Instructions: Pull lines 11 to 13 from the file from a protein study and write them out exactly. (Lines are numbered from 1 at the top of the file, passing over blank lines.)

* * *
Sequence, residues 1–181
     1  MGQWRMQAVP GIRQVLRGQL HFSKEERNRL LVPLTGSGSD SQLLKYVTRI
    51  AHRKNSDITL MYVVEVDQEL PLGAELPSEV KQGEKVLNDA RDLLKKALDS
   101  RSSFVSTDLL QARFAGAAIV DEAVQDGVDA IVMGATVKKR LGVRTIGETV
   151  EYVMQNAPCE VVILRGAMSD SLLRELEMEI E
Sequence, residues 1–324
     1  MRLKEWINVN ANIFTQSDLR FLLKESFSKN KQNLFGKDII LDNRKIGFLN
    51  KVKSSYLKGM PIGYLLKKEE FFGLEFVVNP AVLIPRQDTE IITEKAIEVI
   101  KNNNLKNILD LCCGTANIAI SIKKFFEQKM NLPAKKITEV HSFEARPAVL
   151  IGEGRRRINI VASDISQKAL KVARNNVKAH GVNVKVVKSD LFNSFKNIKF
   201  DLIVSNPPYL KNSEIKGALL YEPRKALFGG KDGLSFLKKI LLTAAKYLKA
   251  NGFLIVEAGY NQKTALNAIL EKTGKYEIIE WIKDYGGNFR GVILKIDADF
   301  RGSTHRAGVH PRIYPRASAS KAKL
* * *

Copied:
   201  DLIVSNPPYL KNSEIKGALL YEPRKALFGG KDGLSFLKKI LLTAAKYLKA
   251  NGFLIVEAGY NQKTALNAIL EKTGKYEIIE WIKDYGGNFR GVILKIDADF
   301  RGSTHRAGVH PRIYPRASAS KAKL